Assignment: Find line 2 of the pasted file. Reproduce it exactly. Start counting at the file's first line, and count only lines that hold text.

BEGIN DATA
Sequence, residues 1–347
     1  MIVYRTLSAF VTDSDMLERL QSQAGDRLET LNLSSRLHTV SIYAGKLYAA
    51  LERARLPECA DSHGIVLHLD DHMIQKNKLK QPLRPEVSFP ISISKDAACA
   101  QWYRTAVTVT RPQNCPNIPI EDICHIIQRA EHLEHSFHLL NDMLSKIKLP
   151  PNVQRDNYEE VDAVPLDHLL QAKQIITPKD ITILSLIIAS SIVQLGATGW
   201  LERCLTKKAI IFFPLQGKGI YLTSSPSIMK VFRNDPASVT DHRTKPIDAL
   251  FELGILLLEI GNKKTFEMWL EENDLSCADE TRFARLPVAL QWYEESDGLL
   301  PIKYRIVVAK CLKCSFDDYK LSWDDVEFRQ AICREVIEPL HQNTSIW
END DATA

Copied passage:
     1  MIVYRTLSAF VTDSDMLERL QSQAGDRLET LNLSSRLHTV SIYAGKLYAA